Learning Connections

School theatre is one aspect of school life that has stood the test of time. Those of us who took part in performing arts or theatre during school will fondly think back to rehearsals, vibrant costumes, singing, dancing and the overall fun and joy of taking part in high school plays. Working on a play, no matter what the role is, will develop or strengthen a wide range of abilities and skills in our students such as:

  • Public speaking: Experience in various public circumstances (auditions, rehearsals, performances).

  • Practicing public speaking skills (poise, volume, life, eye contact, gestures, speed, and more).

  • Understanding character to the depth of embodying a persona well enough to be believable on stage. This includes character analysis, interpretation, evaluation, and application.

  • Adapting narrative to stage is a key skill in Language Arts and communication. It shows your ability to take a story in one form, and change it into another form, while maintaining its integrity, and even enhancing its richness.

Dancing. Yes, students will learn how to dance. Why is this important? Dancing in front of people will give our students a pretty unshakable foundation of confidence as well as increased coordination.

Singing. Yes, they will learn some music theory and how to use their voice to sing on pitch (as much as possible). Voice lessons are available for FREE to anyone who asks (or requires as a lead). They’ll learn to control the volume of their voice so they can be heard in a performance hall.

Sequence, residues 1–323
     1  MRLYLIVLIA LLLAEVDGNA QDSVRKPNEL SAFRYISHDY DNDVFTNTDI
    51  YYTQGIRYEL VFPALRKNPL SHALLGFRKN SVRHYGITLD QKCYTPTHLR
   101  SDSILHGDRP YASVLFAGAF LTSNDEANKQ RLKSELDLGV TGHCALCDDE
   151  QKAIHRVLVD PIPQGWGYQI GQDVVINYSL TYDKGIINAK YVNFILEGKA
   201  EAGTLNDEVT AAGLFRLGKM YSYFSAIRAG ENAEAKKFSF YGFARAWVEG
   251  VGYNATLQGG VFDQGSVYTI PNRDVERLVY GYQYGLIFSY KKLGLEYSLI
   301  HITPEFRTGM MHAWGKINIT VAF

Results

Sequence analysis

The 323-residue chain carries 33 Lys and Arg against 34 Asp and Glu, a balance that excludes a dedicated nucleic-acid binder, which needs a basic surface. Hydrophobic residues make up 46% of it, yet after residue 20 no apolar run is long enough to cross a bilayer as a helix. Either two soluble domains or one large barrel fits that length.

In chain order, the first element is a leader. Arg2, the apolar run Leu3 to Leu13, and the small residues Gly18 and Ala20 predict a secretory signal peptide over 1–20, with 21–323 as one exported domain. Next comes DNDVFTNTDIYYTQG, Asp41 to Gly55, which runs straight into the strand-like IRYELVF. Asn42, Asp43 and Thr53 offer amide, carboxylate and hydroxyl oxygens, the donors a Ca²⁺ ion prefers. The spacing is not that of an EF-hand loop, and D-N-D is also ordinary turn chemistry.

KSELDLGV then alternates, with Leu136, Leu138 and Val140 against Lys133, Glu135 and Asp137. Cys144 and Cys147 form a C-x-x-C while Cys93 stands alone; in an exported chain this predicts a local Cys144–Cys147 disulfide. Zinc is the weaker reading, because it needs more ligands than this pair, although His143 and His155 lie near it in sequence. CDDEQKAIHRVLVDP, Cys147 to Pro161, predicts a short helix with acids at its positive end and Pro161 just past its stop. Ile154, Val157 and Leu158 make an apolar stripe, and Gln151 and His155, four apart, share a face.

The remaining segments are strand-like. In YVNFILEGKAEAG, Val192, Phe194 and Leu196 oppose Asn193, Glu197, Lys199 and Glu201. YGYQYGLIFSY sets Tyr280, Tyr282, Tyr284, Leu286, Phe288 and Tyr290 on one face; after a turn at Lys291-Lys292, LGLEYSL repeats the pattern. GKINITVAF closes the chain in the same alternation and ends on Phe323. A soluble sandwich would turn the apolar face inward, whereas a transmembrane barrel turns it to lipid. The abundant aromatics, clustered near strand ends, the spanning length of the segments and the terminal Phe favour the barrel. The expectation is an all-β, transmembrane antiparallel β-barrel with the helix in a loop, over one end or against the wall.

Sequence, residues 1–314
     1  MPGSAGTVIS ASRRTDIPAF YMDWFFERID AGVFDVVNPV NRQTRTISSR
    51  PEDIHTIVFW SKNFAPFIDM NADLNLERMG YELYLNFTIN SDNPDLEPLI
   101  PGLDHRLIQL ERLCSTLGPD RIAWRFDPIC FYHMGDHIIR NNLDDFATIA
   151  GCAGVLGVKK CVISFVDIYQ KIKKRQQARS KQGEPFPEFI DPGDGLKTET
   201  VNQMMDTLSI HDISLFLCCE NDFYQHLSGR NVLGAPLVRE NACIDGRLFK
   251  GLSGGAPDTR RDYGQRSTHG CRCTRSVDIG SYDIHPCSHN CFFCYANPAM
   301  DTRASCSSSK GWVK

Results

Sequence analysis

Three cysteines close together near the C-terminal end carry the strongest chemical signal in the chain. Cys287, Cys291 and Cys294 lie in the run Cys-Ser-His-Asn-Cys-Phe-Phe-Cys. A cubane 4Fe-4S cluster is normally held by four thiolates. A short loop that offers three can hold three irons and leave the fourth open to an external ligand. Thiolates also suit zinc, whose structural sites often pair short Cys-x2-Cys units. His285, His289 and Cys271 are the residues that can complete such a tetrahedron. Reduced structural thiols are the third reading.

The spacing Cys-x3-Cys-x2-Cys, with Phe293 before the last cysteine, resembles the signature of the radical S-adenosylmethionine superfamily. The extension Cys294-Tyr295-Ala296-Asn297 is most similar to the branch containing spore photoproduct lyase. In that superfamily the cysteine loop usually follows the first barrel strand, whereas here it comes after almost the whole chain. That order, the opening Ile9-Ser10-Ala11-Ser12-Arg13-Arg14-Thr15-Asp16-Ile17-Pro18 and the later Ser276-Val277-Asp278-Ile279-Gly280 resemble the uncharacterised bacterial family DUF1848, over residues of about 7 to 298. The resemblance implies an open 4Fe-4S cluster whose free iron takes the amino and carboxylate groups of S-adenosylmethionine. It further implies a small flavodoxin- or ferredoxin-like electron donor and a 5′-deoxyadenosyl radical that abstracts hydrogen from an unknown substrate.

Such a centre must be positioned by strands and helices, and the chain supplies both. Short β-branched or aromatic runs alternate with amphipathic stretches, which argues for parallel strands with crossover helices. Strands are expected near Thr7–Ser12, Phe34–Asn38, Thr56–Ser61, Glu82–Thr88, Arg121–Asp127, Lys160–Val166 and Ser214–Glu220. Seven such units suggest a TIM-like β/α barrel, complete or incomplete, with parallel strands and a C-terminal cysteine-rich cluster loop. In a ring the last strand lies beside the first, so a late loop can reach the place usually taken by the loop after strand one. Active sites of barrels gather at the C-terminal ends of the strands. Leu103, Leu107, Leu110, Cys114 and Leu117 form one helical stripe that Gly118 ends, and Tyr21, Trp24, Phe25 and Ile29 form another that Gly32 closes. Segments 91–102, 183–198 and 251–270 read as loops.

• Cooperative skills. Students will learn to work together with their peers and a devoted staff at a level that requires sacrifice and support. This includes listening skills for taking direction, trial and error and revision for following stage direction, and helping each other while on stage if necessary.

  • Math! The geometry of the stage is critical for stage blocking, understanding distance and proportional spatial relationships. Even the angles of their arms during certain dance movements are key in understanding the visual symmetry of dance numbers.

  • Expands understanding of humanity and the world: By engaging students in lifelike learning contexts, the end goal of drama education is not just a beautiful performance, it is also the growth in confidence of the students and their understanding of this world and what it could be.

  • Generates creativity and critical thinking skills: Performing can also enable students to generate creativity and critical skills that are transferable to a variety of artistic, social, and work-related contexts. Students learn how to think on your feet, to identify problems, evaluate a range of possible solutions, and figure out what to do.

  • Develops empathy and understanding of self & others: Theatre education provides students an environment to safely explore challenging social scenarios. While playing roles and situations in drama, students gain new perspectives and develop empathy.

And so much more! Microphone technique, memorization, costume creation, etc.